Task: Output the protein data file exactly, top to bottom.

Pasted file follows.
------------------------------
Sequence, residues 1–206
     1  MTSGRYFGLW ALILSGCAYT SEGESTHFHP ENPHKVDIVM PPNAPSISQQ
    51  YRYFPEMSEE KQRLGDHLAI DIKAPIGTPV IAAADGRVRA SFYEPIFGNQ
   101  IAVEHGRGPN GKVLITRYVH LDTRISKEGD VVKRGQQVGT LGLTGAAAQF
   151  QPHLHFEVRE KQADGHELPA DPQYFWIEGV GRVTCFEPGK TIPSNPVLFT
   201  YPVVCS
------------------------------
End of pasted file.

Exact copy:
Sequence, residues 1–206
     1  MTSGRYFGLW ALILSGCAYT SEGESTHFHP ENPHKVDIVM PPNAPSISQQ
    51  YRYFPEMSEE KQRLGDHLAI DIKAPIGTPV IAAADGRVRA SFYEPIFGNQ
   101  IAVEHGRGPN GKVLITRYVH LDTRISKEGD VVKRGQQVGT LGLTGAAAQF
   151  QPHLHFEVRE KQADGHELPA DPQYFWIEGV GRVTCFEPGK TIPSNPVLFT
   201  YPVVCS